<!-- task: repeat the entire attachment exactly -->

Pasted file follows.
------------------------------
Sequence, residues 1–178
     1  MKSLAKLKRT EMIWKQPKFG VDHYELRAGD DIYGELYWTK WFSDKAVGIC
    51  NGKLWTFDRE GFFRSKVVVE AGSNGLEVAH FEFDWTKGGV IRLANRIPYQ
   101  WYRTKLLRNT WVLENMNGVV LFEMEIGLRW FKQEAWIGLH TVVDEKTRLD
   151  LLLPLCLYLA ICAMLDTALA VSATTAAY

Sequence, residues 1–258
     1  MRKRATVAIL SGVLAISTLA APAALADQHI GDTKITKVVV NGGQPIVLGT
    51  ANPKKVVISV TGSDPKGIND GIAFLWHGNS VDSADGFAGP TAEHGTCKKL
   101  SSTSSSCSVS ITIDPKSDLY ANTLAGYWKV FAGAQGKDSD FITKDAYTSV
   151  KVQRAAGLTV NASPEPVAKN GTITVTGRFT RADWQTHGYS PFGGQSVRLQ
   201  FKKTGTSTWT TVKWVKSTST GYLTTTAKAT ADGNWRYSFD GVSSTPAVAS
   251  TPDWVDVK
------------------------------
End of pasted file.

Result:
Sequence, residues 1–178
     1  MKSLAKLKRT EMIWKQPKFG VDHYELRAGD DIYGELYWTK WFSDKAVGIC
    51  NGKLWTFDRE GFFRSKVVVE AGSNGLEVAH FEFDWTKGGV IRLANRIPYQ
   101  WYRTKLLRNT WVLENMNGVV LFEMEIGLRW FKQEAWIGLH TVVDEKTRLD
   151  LLLPLCLYLA ICAMLDTALA VSATTAAY

Sequence, residues 1–258
     1  MRKRATVAIL SGVLAISTLA APAALADQHI GDTKITKVVV NGGQPIVLGT
    51  ANPKKVVISV TGSDPKGIND GIAFLWHGNS VDSADGFAGP TAEHGTCKKL
   101  SSTSSSCSVS ITIDPKSDLY ANTLAGYWKV FAGAQGKDSD FITKDAYTSV
   151  KVQRAAGLTV NASPEPVAKN GTITVTGRFT RADWQTHGYS PFGGQSVRLQ
   201  FKKTGTSTWT TVKWVKSTST GYLTTTAKAT ADGNWRYSFD GVSSTPAVAS
   251  TPDWVDVK